A beating drum and an empty coffin led a silent procession of about 200 people to parliament on Monday to highlight the number of worker deaths in the foresty industry last year.
Eleven people were killed at work in 2013, and family members are calling on the government to regulate the industry to make it safer for future workers.
The widow of one of those killed, Maryanne Butler-Finlay, said walking behind the coffin brought back memories of the funeral for her husband, Charles Finlay, who died nine months ago.
She said she had mixed feelings about marching but was determined to speak out on behalf of her son and twin daughters who had lost their father.
"My voice has got to be heard," she said. "Although there's going to be tears and we're going to want to hide away on different occasions, we're here to stay and we will make noise and we will get change."
Ms Butler-Finlay said her husband was pressured to meet unrealistic targets and the government needed to step in to prevent any more deaths.
Valda Tahere's brother, George Mahanga, died in March, 2012.
Ms Tahere said her ancestors have lived off the forest for generations but she is worried the industry is too dangerous for her children to work in.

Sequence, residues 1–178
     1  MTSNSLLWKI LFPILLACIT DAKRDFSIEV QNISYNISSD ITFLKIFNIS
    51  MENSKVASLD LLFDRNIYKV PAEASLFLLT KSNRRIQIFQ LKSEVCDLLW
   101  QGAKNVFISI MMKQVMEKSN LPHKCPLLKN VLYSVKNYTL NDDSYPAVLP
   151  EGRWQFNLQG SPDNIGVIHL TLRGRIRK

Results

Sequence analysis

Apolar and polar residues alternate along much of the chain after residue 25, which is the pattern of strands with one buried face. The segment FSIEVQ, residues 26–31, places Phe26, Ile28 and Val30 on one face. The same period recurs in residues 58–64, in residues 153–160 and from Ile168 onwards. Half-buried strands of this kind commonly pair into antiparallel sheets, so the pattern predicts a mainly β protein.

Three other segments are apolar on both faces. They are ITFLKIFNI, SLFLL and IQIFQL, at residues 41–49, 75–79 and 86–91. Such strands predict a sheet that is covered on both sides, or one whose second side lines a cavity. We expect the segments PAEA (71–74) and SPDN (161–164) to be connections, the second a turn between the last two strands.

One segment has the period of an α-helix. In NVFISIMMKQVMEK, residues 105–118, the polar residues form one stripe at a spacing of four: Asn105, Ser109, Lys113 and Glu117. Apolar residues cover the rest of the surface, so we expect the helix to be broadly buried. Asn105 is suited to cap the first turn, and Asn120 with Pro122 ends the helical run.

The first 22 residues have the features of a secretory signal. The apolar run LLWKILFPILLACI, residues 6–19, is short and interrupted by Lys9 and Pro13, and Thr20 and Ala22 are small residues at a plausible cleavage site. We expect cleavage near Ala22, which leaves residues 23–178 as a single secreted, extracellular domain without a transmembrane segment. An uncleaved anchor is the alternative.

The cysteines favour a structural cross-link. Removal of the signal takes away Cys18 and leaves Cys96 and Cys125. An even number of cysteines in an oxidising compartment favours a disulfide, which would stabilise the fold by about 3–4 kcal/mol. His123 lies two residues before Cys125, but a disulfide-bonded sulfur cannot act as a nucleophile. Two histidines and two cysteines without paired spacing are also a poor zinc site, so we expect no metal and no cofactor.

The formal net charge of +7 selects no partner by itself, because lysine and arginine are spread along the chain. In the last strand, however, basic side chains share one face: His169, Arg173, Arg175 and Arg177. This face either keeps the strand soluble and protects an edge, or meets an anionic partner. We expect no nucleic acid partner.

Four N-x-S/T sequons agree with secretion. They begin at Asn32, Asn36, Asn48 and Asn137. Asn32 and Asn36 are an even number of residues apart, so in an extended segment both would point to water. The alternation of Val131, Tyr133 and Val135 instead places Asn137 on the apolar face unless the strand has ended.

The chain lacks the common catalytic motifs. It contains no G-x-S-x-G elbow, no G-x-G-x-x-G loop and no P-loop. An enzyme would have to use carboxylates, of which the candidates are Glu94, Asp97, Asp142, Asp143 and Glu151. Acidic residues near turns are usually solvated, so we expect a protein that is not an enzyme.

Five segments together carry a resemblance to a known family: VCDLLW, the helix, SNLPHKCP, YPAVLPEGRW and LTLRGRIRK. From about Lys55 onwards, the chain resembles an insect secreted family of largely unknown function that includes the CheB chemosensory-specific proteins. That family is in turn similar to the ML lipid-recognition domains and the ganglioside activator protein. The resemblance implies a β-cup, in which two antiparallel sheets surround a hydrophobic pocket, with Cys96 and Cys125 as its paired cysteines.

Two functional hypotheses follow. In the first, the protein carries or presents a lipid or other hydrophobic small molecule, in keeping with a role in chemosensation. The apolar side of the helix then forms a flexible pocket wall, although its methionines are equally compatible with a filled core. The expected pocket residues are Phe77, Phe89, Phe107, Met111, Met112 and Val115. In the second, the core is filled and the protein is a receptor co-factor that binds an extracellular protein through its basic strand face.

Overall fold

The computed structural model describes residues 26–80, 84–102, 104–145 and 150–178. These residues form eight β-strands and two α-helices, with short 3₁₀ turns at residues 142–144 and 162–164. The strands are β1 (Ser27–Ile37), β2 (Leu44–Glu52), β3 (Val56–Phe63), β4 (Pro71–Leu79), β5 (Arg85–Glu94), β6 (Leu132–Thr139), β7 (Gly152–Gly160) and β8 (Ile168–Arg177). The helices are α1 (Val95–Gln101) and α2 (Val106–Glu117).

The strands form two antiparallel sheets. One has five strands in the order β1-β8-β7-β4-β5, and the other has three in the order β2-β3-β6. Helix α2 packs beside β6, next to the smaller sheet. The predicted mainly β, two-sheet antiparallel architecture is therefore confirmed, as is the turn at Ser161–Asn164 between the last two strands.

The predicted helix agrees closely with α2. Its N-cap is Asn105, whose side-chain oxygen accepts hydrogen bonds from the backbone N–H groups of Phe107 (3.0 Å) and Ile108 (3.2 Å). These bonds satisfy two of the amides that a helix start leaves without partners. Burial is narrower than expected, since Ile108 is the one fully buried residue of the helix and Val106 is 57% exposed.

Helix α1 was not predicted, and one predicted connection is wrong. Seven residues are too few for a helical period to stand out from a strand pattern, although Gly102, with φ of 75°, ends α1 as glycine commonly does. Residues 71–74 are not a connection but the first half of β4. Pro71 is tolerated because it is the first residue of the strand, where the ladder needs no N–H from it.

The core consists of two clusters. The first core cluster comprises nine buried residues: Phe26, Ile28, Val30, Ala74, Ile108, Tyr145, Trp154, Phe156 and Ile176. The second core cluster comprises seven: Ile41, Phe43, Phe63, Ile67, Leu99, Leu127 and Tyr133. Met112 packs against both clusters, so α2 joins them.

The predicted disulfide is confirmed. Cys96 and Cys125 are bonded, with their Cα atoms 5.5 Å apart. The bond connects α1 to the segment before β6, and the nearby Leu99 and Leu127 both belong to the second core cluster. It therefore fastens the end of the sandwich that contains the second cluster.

"I have three boys of my own and we will still continue to have our sons work in the forest in the future, so today I'm here to represent my brother and make some change."
The Council of Trade Unions president, Helen Kelly, told the protestors the workers who died paid the price for a deregulated health and safety system.
"The five most dangerous industries have virtually no union organisation at all, no work rights, are largely contracted by major companies to much smaller companies who are squeezed over price. It is no coincidence that they are the most dangerous industries and it has to stop."
The Minister of Labour, Simon Bridges, said the industry was unsafe and new regulations were likely to be introduced after the election, following consultation with the sector.